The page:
Has Obama already given up the fight on income inequality?

President Obama may have never said it, but one of the big aims of his first term was redistributing income from the rich to the middle class and poor. Redistribution, of course, is a polarizing word -- it may have cost one administration official a high-profile White House job  -- and so politicians avoid using it. But it is also a basic tenet of what the government does and the quickest and most direct way to slow widening income inequality – which Obama has identified as one of the nation’s biggest challenges.

During his first term, Obama tried repeatedly to raise taxes on the wealthy, proposing to levy more than $1.6 trillion in new taxes on the rich over 10 years.  At the same time, Obama sought to keep taxes on the middle class steady and he cut taxes for low income Americans. This approach made plenty of sense if his goal was to reduce income inequality. While the U.S. economy doesn’t produce much more inequality than other countries, other countries use their tax systems and their safety nets (transfers) to reduce inequality far more than the U.S. government does, according to Janet Gornick, a professor of political science and sociology at the City University of New York. (In the end, the president ultimately succeeded in getting only a relatively modest increase in tax rates – a little over $600 billion in the “fiscal cliff” deal.)

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Perhaps an equally illustrative and less appreciated example of Obama’s focus on redistribution is the Affordable Care Act. We often think of the health care law as just that – an initiative to provide insurance coverage to those who can’t afford it and fix other problems in the health care system – but it is also a significant effort to reduce inequality. That’s because the law levies new taxes on wealthy Americans in order to expand Medicaid and offer insurance subsidies, which will mainly help those whose incomes are low enough that they qualify for help. A Brookings Institution analysis this week found that Americans in the bottom tenth of the income distribution would see their incomes rise 7.2 percent as a result of the ACA, while those in the bottom 20 percent overall will see a nearly 6 percent increase in their income.

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But that was then. While Obama is continuing to focus attention on income inequality, he’s no longer actively pressing policies to use the tax code to redistribute income. He didn’t insist on raising taxes on the rich in the budget pact between Sen. Patty Murray (D-Wash.) and Rep. Paul Ryan (R-Wisc.). He’s not making it a focus of the State of the Union. And his major policy proposals for 2014 – immigration, the minimum wage and early childhood education – don’t fit the pattern of redistribution of the first term. He would even pay for his early childhood education proposal by raising tobacco taxes, not taxing the rich.

Why the change? Politics is part of the story, of course. It’s hard to believe Republicans would allow Obama to raise taxes further. And some Democrats are even nervous about the language of income inequality, worried that it is difficult for voters to relate to. But there is also something deeper going on. Obama doesn’t seem to believe that the tax-and-transfer approach that Democrats have advocated for decades has much public resonance anymore. He recently told David Remnick in the New Yorker:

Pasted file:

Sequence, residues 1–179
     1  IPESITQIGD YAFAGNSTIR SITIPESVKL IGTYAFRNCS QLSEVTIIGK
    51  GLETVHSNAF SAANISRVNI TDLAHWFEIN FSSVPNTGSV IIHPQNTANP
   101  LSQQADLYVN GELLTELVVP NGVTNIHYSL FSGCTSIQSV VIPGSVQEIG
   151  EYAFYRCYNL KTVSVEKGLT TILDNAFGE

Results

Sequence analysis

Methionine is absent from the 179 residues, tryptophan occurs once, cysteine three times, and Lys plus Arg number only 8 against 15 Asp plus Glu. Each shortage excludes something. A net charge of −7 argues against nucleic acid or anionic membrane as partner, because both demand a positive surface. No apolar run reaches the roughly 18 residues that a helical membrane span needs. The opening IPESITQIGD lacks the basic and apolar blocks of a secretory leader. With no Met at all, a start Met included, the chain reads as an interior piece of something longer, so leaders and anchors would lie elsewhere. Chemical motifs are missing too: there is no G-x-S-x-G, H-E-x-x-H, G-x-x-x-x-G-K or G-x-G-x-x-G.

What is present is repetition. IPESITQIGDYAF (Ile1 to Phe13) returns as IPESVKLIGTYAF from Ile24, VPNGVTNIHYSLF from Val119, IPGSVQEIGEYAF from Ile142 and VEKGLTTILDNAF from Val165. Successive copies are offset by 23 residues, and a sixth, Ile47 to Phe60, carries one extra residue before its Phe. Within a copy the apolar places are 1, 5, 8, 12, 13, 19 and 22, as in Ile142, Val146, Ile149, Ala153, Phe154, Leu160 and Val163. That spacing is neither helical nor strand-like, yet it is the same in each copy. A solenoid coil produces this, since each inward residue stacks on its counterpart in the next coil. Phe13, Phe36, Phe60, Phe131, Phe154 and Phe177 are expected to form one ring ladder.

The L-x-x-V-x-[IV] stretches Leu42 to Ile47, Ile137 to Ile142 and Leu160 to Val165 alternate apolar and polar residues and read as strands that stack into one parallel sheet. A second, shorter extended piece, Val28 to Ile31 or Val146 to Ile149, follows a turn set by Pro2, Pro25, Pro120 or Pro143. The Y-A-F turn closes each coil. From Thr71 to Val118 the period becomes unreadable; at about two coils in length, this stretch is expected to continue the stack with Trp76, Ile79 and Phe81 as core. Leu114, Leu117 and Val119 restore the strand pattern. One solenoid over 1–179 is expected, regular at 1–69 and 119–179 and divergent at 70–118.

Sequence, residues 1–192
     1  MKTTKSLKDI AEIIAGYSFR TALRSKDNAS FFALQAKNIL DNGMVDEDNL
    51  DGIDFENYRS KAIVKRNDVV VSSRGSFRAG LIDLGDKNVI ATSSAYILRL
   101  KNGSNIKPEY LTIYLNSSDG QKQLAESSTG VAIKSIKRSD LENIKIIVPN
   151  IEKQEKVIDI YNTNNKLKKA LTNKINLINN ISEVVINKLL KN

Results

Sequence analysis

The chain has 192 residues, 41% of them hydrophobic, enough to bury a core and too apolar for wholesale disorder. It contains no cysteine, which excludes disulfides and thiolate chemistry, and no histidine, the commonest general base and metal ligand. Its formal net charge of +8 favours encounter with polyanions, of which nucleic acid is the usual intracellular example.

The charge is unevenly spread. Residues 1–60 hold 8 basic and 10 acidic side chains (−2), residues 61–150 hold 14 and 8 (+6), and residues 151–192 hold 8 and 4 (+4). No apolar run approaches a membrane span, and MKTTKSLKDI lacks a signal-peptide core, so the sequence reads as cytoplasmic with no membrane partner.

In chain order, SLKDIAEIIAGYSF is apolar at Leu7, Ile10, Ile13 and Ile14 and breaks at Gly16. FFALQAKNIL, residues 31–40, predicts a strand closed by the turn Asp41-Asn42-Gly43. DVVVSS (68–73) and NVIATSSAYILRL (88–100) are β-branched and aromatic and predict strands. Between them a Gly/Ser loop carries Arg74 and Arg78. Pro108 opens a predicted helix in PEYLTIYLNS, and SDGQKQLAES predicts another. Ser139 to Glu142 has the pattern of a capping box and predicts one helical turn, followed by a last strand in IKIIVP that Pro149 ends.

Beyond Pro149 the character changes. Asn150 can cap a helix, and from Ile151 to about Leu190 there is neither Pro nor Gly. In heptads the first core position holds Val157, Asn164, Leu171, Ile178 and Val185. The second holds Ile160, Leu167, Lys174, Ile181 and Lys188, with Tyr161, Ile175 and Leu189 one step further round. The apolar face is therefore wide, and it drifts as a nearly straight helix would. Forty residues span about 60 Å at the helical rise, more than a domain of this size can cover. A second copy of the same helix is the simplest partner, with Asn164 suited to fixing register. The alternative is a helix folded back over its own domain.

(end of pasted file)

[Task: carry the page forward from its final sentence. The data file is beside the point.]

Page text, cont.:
The appetite for tax-and-transfer strategies, even among Democrats, much less among independents or Republicans, is probably somewhat limited, because people are seeing their incomes haven’t gone up, their wages haven’t gone up. It’s natural for them to think any new taxes may be going to somebody else, I’m not confident in terms of how it’s going to be spent, I’d much rather hang on to what I’ve got.

Jason Furman, the chairman of Obama’s Council of Economic Advisers, has occasionally made a similar point in the context of new efforts to reduce poverty -- which is a different phenomenon from income inequality, but the government can attack both through redistribution.  Furman recently noted that the government safety net has dramatically reduced poverty over time – but now the key is to reshape the economy so natural market forces are pushing up people’s incomes, rather than government redistribution.

I think realistically a lot of what you’re going to be able to do is defend the gains you’ve made. Make sure you’re not making large cuts to [food stamps], make sure you are extending the gains we made in the Earned Income Tax Credit. The progress we’re going to need to make is on market incomes, on wages, and, an important part of that, there’s a lot of parts, but one part is the minimum wage.

That helps explain why Obama, as he moves away from a focus on the government redistributing income, will focus so much on the minimum wage. Many economists agree the minimum wage is less efficient than redistributing income directly -- for example through an expansion of the Earned Income Tax Credit, a kind of cash bonus for low-wage workers with families. But if the age of government redistribution of income is over, turning to the minimum wage is understandable. It's also an act of redistribution -- moving money from companies and consumers to workers, though its exact effects are hard to know. It is by no means a fix for the nation’s growing inequality, but would be another  step toward shrinking the gap.

Zachary A. Goldfarb is policy editor at The Washington Post.
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